Expert Witnesses in Computer Crimes

 


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Sounds like tall talk? On the contrary, the role of computers in crime can not be undermined in any way. For those who still labour under the impression that computer related crimes refer to a far-fetched specialized matter affecting only a remote community of geeks – the truth can not be harsher. Almost all crimes reported in the UK , from theft, murder, rape, robbery to corporate horrors where an entire banking chain or some other form of public service (including governmental security issues) may be endangered – computers are being misused everywhere. The cases of hacking company or government (specially in the areas of security and finance) records, hate mails, blackmail using photographs or malicious information, child *** ography are snowballing the courts across nation. February 2007 saw another important eye opener for the less informed – Jim Gamble, Head, Child Exploitation and Online protection Centre (Home Office) admitted that the government resources were inadequate to deal with the downpour of paedophile leads submitted to their department.

What the Law Says

Till date, a stunningly small number of areas in UK’s legal texts explicitly define the role of computers in criminal acts.

  1. The Computer Misuse Act – Discusses the probable misuses of computers for illegal purposes, with emphasis on unauthorized access to and modification of information.
  2. Data Protection Act – This Act addresses the processing, storage, display and transmission of personal data and its illegal manipulations using networks.
  3. Terrorism Act – This Act covers interference to electronic systems by terrorists and other individuals posing a threat to security of life and property.
  4. Police and Criminal Evidence (PACE) and Regulation of Investigatory Power Acts (RIPA) – these cover situations evidence is to be largely obtained from uses of computers, also noting the specifications of presenting evidence to a court of law.
  5. Apart from these, the Good Practice Guide prepared by the Association of Chief Police Officers (ACPO) details the correct handling, storage, and analysis of computer-derived evidence so that it may be acceptable in a court.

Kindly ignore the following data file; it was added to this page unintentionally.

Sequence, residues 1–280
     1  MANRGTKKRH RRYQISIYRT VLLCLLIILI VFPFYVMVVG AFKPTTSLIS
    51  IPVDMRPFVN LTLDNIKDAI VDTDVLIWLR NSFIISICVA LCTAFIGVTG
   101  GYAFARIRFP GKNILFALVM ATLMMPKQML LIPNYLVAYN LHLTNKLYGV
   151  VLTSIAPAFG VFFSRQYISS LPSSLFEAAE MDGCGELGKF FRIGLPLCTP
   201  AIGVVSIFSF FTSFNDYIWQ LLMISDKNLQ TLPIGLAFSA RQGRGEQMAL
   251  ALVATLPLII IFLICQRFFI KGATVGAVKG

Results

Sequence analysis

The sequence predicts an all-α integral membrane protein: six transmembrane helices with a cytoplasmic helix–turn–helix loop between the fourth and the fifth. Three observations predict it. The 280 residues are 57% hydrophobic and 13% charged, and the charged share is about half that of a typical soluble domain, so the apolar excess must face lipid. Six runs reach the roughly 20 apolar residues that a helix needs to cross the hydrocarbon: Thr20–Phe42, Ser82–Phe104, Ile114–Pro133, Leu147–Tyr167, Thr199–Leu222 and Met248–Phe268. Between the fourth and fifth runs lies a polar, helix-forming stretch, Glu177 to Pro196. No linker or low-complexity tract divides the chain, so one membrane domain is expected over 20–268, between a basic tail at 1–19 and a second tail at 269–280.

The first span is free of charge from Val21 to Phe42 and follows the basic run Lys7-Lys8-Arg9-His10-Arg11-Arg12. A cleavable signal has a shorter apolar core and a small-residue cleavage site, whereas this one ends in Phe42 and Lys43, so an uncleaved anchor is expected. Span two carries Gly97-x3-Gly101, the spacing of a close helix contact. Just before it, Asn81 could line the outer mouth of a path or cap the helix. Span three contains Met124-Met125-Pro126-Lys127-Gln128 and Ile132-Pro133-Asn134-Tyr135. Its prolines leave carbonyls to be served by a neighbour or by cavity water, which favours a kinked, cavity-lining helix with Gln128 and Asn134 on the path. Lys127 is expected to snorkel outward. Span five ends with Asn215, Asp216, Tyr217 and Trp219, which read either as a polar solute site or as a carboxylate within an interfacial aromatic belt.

Needless to say, this is just not enough in the face of the immense possibilities that computer-related crime has.

Need for Expert Witnesses

In a situation where the outcome of the case is dependant on its effective presentation, the role of the witness is obviously vital. Choosing the wrong witness can have disastrous results in computer-related crimes, as the court is more prone to be misdirected than other crimes. A quack will endanger more than he can grasp, especially in corporate cases, where the entire effect of the crime may not always be manifest at the beginning.

Fields Associates – the Difference An Expert Witness Can Make

In the relatively young field of computer forensics, Fields Associate has the advantages of a veteran firm, having been around since 1997. Specializing in the area of recovery of digital ‘fingerprints’ (evidence) left by the routine use of computers, this company deals with all kinds of cases ranging from data theft to child *** ography. Interestingly, a solid 86% of their cases come through recommendations, making it a strongly symbiotic existence. In other words, since they depend so heavily on the quality of their work, their performance level and reliability would be of key concern, and is strictly maintained by the firm. Their areas of work, if summarized, would be:

  1. Forensic Computer Examination - a team of specialists procure forensic evidence through the most secure methods of examination. This is done keeping in mind that the data procured might have to be produced before a court of law, and therefore should be in their original, non tampered version so that they are acceptable.

  2. Providing Expert Testimony - When it comes to the testimonial itself, there is tremendous performance pressure on the witness, since the fate of those involved depends on him. Naturally, a total understanding of information and network security measures, prevention and detection of intrusions, and digital forensic analysis is a necessity in these cases. The experts at Fields Associates have the extra edge of experience apart from the given qualifications required of a specialist.
  3. Proper Reportage and Court Presentation - This is perhaps the most crucial issue in computer related crimes. A jury would be lost if the witness spewed out a torrent of incomprehensible jargon, and despite his learning, the case would be lost. Since Fields Associates is also into conducting courses in related areas, they already know the danger that unclarity can pose. Therefore, accurate but comprehensible presentation of the matter – whether as an oral case before the jury or as a written document – is given utmost importance.
  4. Presentation of graphics – A similar emphasis on clarity and correct presentation of facts is laid on any graphics prepared for court presentation.

The need of the day is enlightenment, followed by right choice. The law can no more afford to remain ignorant about the importance of computers in crime, and those affected must realize that they depend entirely on who they choose to help them out.

James Walsh is a freelance writer and copy editor. For more information on digital forensic investigations see http://www.fieldsassociates.co.uk/computer-forensics.html

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